Pumpkin is often mentioned as a source of prebiotic fibre for dogs. And, yes, pumpkin is quite rich in fibre, so it can help bulk up your pup’s stool and it can even help resolve minor tummy problems.
Pumpkin is generally safe for dogs if fed in moderate amounts. Keep in mind that it’s very high in calories, so don’t overdo it if your dog needs to lose weight.
If using canned pumpkin, make sure to double-check the ingredient list for additives, some of which might not be suitable for dogs.
Think Twice: Questionable Veggies for a Dog’s Diet
While we think that veggies are a great supplement for a dog’s diet, not all veggies are great for your canine companion. These are some you should be careful about.
You’ve probably heard this one already, but let’s say it again, just in case: onions are bad for dogs. All veggies from the allium family contain certain compounds that can be toxic to dogs. This includes onions, leeks, shallots, chives, and garlic (more on this one below).
While your dog most likely won’t instantly die from a tiny bit of onion, we still recommend keeping your dog away from alliums in any form. So before you feed your dog some leftovers from lunch, think about whether there are some onions in there.
Garlic is also a plant from the allium family, but the story of this one is a bit more complicated. You might have seen garlic on the ingredient lists of some dog foods. That’s because garlic is full of healthy components, and it even has strong anti-fungal and antibacterial properties. For this reason, some pet parents do choose to introduce garlic in small amounts.
“Many holistic veterinarians and health care experts believe that feeding doses up to 1 small clove of garlic per 20 pounds of body weight per day are not likely to pose problems for dogs. When used topically for wounds or ear infections, it is harmless.” - CJ Puotinen, Whole Dog Journal (5)
Still, we don’t recommend adding garlic to your dog’s diet, especially if you don’t have a good reason. And if you decide to do so anyways, make sure to watch your dog closely for any adverse reactions.
Raw potatoes are not OK for dogs. They are toxic because they contain solanine. Cooked potatoes, on the other hand, are theoretically fine. But still, there is pretty much no reason to add potatoes to your dog’s diet, as they are full of carbs and not the healthiest veg.
How Much Veg Should a Dog Eat?
Veggies are a great supplement to a dog’s diet, but they should always be fed in moderation. No matter where you stand on dogs being carnivores vs omnivores debate, one thing is certain: dogs need meat and that should be the main part of their diet.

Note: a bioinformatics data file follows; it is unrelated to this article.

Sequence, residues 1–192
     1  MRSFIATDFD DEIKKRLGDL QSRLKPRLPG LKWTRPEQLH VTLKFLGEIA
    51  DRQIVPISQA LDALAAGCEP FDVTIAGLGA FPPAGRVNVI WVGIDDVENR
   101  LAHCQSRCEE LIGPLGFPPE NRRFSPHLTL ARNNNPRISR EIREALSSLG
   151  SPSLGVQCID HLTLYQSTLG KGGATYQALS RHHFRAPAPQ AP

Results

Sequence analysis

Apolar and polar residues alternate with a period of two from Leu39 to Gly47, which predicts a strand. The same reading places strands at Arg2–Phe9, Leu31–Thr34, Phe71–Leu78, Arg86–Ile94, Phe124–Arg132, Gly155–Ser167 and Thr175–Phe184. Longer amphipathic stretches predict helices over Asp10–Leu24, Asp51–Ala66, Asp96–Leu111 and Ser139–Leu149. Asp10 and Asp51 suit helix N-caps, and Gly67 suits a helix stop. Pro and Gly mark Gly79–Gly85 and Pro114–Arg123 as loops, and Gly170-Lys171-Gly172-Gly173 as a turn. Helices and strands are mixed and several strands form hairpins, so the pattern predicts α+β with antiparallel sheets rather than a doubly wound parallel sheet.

To stay on the safe side, fruits and veggies should make up around 10% of your dog’s diet. Some pet parents who make their own dog food go higher and include up to 25% of veg, but that’s the absolute maximum and we don’t recommend going that high without consulting your vet.
Tips for adding vegetables to your dog’s food:
- Start slowly. If your dog hasn’t been eating any fresh vegetables, start with very small amounts. Canines tend to be very sensitive to any changes in their diets, so it’s important to go slow.
- Use veggies as snacks. Some dogs love munching on various vegetables, and if that’s the case with your pooch, you can simply use vegetable chunks as an occasional healthy treat.
- Stay away from seasoning. You can add veggies in any form to your dog’s food, be it fresh, steamed, cooked, or pureed, but always make sure there is no seasoning - or at least not a lot of it. So, if you want to offer your pooch some of the same veg you are eating, make sure to set a portion aside before you add any seasoning.
- Kvamme, J. Apri 4, 2012. “Do Carrots Naturally Improve Your Dog's Vision?”. PetMD. Retrieved November 30, 2022. https://www.petmd.com/dog/nutrition/evr_dg_can_carrots_improve_dog_eyesight
- PetMD Editorial. August 20, 2022. “Can Dogs Eat Carrots?”. PetMD. Retrieved November 30, 2022. https://www.petmd.com/dog/nutrition/can-dogs-eat-carrots
- Gagne, M. February 14, 2022. “What Vegetables Can Dogs Eat?”. Dogs Naturally. Retrieved November 30, 2022. https://www.dogsnaturallymagazine.com/what-vegetables-can-dogs-eat/
- “Oxalates (Soluble) Poisoning in Dogs”. Wag!. Retrieved November 30, 2022. https://wagwalking.com/condition/oxalates-soluble-poisoning
- Puotinen, CJ. February 9, 2018. “13 Household Items Toxic to Dogs”. Whole Dog Journal. Retrieved November 30, 2022. https://www.whole-dog-journal.com/author/cj-puotinen/